The foreign secretary suggested that Britain and others could formally recognise a Palestinian state during peace negotiations – rather than wait for a final peace deal with Israel.
“We should be starting to set out what a Palestinian state would look like – what it would comprise, how it would work,” he said on Monday night.
“As that happens, we, with allies, will look at the issue of recognising a Palestinian state, including at the United Nations. This could be one of the things that helps to make this process irreversible,” Lord Cameron said.
The foreign secretary last week pushed Mr Netanyahu to re-consider talks aimed at a two-state solution. But Mr Netanyahu has rebuffed the push from Western allies, including the US – saying the plan would “endanger the state of Israel”. The Israeli PM also criticised what he described as an “attempt to coerce us”.
On Tuesday Mr Netanyahu ruled out an Israeli withdrawal from Gaza or the release of thousands of militants – both key Hamas demands in ongoing ceasefire talks. The Israeli leader once again vowed that the war would not end without “absolute victory” over Hamas.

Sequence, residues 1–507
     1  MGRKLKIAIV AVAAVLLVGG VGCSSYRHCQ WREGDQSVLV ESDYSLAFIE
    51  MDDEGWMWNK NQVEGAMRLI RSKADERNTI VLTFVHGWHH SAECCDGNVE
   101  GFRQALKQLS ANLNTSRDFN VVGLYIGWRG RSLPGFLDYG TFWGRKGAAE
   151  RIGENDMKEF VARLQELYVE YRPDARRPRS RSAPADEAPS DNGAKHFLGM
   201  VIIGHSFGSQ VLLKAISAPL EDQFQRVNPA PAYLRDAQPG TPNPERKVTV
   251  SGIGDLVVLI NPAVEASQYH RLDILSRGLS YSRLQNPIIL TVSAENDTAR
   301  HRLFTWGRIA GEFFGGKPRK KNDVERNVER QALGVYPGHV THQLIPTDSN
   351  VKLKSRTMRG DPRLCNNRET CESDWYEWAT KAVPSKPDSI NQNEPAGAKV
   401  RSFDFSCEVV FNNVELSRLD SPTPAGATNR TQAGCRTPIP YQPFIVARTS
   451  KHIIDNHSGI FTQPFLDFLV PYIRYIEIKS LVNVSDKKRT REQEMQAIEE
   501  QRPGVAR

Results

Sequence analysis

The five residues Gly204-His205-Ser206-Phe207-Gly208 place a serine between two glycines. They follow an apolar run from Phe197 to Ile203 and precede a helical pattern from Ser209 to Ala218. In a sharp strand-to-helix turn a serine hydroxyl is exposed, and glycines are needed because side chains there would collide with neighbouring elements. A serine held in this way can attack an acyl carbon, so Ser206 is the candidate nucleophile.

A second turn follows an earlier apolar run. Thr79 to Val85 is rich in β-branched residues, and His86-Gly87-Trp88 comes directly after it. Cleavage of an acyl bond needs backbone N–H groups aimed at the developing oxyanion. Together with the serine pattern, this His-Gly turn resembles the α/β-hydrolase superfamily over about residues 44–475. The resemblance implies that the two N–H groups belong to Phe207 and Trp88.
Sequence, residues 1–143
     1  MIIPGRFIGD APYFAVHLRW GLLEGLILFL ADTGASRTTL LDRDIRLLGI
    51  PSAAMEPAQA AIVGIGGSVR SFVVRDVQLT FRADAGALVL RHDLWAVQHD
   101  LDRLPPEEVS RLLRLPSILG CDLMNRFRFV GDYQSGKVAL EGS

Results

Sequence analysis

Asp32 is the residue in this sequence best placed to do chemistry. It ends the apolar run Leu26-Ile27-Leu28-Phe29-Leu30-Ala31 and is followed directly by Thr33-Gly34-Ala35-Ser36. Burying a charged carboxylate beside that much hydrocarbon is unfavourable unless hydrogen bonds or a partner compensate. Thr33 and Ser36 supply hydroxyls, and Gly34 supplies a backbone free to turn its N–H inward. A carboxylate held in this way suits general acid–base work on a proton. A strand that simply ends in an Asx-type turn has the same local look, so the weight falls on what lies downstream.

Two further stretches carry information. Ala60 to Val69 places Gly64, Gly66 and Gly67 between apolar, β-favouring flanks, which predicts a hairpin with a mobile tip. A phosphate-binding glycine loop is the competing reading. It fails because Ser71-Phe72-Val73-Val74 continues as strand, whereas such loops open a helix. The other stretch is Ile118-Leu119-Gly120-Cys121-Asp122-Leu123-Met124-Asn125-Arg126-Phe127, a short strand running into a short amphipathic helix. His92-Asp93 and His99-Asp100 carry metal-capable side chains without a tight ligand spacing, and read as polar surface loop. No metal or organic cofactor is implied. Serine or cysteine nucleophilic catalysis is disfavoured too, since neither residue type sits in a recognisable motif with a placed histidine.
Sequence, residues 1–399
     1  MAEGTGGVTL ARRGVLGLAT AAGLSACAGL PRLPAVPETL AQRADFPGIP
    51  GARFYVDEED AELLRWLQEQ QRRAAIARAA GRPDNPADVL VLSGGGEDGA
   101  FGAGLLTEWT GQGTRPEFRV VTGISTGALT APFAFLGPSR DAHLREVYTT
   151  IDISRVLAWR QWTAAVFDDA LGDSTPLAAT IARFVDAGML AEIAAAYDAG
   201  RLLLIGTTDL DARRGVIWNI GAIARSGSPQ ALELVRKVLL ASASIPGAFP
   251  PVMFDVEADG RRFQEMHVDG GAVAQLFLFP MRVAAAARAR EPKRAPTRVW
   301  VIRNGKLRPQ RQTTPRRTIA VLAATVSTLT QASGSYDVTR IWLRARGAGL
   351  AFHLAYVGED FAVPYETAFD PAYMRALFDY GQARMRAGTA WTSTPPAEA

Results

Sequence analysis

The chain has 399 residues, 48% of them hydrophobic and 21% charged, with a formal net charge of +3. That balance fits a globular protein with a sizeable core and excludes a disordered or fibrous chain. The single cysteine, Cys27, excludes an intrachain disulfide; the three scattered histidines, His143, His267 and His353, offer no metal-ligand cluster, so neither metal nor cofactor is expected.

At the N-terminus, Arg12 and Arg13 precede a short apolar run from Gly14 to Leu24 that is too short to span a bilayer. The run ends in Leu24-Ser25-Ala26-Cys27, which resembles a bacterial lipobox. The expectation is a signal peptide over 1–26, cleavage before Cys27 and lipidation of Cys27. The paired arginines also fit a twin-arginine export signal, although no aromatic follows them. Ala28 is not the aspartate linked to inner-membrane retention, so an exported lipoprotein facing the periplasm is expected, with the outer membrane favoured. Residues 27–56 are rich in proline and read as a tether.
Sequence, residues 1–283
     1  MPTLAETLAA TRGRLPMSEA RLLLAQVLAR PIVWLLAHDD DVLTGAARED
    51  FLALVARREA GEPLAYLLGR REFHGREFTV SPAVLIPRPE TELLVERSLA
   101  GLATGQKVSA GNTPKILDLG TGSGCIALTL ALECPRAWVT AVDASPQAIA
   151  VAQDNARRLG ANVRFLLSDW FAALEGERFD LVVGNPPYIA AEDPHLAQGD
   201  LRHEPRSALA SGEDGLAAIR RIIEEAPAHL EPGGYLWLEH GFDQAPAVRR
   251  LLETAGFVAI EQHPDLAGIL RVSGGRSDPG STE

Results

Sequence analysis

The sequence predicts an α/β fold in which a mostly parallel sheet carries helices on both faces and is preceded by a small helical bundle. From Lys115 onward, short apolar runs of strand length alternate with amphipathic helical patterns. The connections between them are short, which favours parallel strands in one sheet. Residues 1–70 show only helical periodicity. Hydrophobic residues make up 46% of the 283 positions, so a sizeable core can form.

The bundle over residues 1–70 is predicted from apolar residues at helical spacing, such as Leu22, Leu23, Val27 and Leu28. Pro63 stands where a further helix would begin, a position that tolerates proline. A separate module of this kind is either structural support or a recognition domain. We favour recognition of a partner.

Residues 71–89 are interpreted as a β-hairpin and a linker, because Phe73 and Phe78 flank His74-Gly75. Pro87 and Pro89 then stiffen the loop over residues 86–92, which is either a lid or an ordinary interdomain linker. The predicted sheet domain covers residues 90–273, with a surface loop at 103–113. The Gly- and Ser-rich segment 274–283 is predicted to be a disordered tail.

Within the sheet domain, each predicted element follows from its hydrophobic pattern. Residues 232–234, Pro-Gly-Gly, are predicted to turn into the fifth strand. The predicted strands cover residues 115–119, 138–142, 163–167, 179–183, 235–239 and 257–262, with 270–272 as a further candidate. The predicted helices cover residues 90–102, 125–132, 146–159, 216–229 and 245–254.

Both No 10 and junior Foreign Office minister Andrew Mitchell responded to Lord Cameron’s remarks on Tuesday by insisting that there has been “no change” in UK policy. Mr Sunak’s spokesperson said recognition of a Palestinian state will take place “at a time it best serves the cause of peace”.
However, Labour welcomed Lord Cameron’s suggestion. Shadow foreign secretary David Lammy told MPs: “As Keir Starmer has said, statehood is not the gift of a neighbour – it is the inalienable right of the Palestinian people.”
Mr Lammy added: “I welcome the foreign secretary adopting this position and rejecting the notion that recognition can only follow the conclusion of negotiations.”
But Tory MPs shared their concerns in the Commons. Ms Villiers said it was “really disturbing” that Lord Cameron appeared to have “changed the UK government’s approach”.
“Will the minister agree with me that bringing forward and accelerating unilateral recognition of Palestinian state would be to reward Hamas’ atrocities?” she asked.